Why I Don’t Know What You Know
(with apologies to Theodore Geisel)
I do not know you’ve read my books.
I do not know you’ve liked them.
Even if you’ve told me so.
Even if you’ve bought them.
Even if you’ve left a review of one. Or two. Or more.
I do not know.
If you made an offhand remark,
I dismissed it as politeness.
If you said it clearly and categorically, I heard.
But I forgot.
Most likely you mentioned it once.
So you thought I always knew.
But I do not.
Happy news withers fastest.
I seldom speak of books and writing.
I change the subject quickly.
Do I seem aloof?
Do I spurn your advances?
Never dream I don’t care.
I care too much. And so I lock it all away.
Creation is an act of fearsome courage and exhausting effort.
Art draws on powers of anger, joy, and passion.
Disinterest bleeds passion dry.
Disdain murders joy.
Apathy kills courage.
I need my strengths, so I protect my heart by holding it apart.
I keep it safely distant.
It’s safe there.
But I cannot always see that far.
So I do not know .
Sorry for getting all doggerel poetic there, but I thought I maybe should explain it somehow, and that’s how things came out.
I don’t presume to speak for others, but for me, this is how the gig works. Unless you definitively and regularly mention that you read my words and use individually-wrapped examples to detail the particulars of what you do or do not like, then I have no idea you’re one of my readers. It doesn’t stick on the outside where I will remember it.
I am not asking, demanding or expecting anyone to talk about my writing. Ever. I’m simply explaining why, if you do, I seem startled or unappreciative. Please, please please do not be insulted. (especially if you’ve told me a hundred times already that you liked something.)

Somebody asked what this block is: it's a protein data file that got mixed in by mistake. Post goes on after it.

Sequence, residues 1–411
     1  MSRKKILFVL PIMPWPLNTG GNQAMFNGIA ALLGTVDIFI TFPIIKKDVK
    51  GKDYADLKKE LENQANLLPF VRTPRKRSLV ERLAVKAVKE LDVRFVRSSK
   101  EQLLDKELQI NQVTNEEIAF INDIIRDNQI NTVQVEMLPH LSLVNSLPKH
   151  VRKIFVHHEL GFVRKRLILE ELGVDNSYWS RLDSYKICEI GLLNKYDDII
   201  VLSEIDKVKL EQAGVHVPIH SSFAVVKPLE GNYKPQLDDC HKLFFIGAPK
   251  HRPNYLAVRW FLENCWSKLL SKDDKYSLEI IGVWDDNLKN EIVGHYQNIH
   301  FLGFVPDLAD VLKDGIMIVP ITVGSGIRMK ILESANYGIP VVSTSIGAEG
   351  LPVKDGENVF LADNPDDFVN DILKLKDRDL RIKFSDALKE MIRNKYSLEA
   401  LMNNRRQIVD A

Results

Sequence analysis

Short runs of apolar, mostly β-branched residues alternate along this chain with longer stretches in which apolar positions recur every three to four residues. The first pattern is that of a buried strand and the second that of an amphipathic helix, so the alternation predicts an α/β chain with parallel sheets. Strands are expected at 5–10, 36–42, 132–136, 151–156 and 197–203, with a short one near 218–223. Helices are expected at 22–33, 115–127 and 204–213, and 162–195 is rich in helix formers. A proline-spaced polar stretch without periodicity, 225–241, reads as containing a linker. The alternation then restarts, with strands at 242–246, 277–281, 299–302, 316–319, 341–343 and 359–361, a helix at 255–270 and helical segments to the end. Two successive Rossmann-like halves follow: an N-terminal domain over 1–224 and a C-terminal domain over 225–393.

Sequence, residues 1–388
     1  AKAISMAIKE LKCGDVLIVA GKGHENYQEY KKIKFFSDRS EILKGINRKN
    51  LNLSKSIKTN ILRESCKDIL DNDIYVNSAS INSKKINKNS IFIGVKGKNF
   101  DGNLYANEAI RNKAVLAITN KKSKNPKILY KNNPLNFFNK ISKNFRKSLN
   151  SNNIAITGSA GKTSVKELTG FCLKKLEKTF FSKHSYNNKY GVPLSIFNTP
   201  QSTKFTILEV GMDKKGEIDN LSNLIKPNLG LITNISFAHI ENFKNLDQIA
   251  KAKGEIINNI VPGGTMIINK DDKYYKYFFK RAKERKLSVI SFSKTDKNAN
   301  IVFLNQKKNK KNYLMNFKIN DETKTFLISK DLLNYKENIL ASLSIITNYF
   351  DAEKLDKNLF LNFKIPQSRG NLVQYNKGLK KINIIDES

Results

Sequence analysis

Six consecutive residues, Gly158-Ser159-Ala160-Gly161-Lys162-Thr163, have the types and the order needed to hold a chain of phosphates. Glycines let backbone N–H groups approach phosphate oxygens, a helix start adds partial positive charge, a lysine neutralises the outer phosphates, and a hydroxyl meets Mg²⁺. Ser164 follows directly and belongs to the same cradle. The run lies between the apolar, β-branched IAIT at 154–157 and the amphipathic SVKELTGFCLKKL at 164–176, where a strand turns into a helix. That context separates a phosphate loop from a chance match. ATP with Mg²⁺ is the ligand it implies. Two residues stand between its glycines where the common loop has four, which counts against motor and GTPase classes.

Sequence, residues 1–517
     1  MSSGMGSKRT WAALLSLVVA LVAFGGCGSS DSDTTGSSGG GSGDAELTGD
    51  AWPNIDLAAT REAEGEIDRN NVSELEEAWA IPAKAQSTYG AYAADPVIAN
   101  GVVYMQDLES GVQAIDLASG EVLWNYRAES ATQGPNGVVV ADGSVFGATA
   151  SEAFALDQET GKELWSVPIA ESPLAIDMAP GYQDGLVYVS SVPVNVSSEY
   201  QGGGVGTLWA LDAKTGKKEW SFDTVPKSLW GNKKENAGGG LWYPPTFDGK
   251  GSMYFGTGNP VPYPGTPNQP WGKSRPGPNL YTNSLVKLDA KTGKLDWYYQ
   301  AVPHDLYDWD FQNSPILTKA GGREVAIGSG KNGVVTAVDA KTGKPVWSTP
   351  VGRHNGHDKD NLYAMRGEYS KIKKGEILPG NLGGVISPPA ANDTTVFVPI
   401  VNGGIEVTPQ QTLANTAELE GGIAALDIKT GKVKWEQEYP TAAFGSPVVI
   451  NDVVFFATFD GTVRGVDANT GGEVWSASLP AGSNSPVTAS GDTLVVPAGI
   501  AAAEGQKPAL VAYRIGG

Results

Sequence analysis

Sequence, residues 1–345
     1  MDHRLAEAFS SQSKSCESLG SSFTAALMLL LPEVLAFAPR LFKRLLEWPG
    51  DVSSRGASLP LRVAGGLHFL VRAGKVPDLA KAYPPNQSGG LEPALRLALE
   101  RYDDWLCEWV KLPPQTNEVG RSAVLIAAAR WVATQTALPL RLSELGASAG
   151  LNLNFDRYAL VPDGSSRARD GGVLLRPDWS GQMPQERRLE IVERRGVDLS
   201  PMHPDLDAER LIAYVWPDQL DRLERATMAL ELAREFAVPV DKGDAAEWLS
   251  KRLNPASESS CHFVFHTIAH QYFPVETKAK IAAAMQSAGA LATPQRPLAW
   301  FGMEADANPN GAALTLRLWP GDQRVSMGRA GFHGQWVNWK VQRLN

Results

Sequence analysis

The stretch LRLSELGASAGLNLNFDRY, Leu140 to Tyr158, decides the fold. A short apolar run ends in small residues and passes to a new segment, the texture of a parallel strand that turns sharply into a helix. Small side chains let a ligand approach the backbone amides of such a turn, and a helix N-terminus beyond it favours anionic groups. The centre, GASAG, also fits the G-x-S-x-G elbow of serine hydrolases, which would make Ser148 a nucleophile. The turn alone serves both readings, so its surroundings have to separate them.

I do try. Please understand that. But I won’t always know.
To keep the bad poetry company, here’s a short essay.
Why You Don’t Know What I Know.
My stories are my life. I breathe, eat, drink, and dream the work of creating and selling the adventures of imaginary people. Their unreality and my reality overlap and intermingle in ways that are difficult to balance. Fiction informs and invades all that I do. It is often all I have to offer in polite conversation, and it doesn’t play well with others.
At the foundation of my happiness is a oiled, muscular monster of ideas so powerful and inexorable it cannot be contained within the fragile confines of social courtesies.
It I let it loose, or if someone else cracks open its Pandora-style emotional container with an ill-considered question like “What are you working on?” it takes flight.
And then it knocks over the lampshades, dances on the tables and sings loudly. It corners people and talks them to death about matters of deadly dullness. I become That Bore Everyone Wants To Escape. (It’s okay. No need for denials. We’re all friends here.)
I’m not expecting people to brave that dire consequence. I don’t expect people to care about my passions the way I do. No one else could care as much about my unreality as I do.
That’s why I’ve adopted a strategy I call Deflecting the Awkward Social Pause ™ If you write too, you may know these:
“How’s the writing going?”
“It’s coming along.”
This is the point where my lid starts rattling. One tiny expression of interest, and I will explode with dull details and inelegant enthusiasm. More often I’ll get one of the fifteen red-flag comments (hey, another blog post there, woo!) that remind me, this is only a social encounter. No one wants to listen to you.
And so I engage in a clever deflection like, “So, what do you think about the weather?”
The phrase starving artist applies to more than finances. This artist starves for affirmation, attention, validation, inclusion, connection. Passion consumes. Art devours. I inhale inspiration from every positive bit of feedback. Hungry glutton that I am, I feed my ego on every tiny crumb of interest that falls my way, and I become drunk on the weakest and thinnest of compliments.
And no one likes a sloppy drunk who eats all the Cheetos.
That is why I seldom talk about my writing, even when politely encouraged.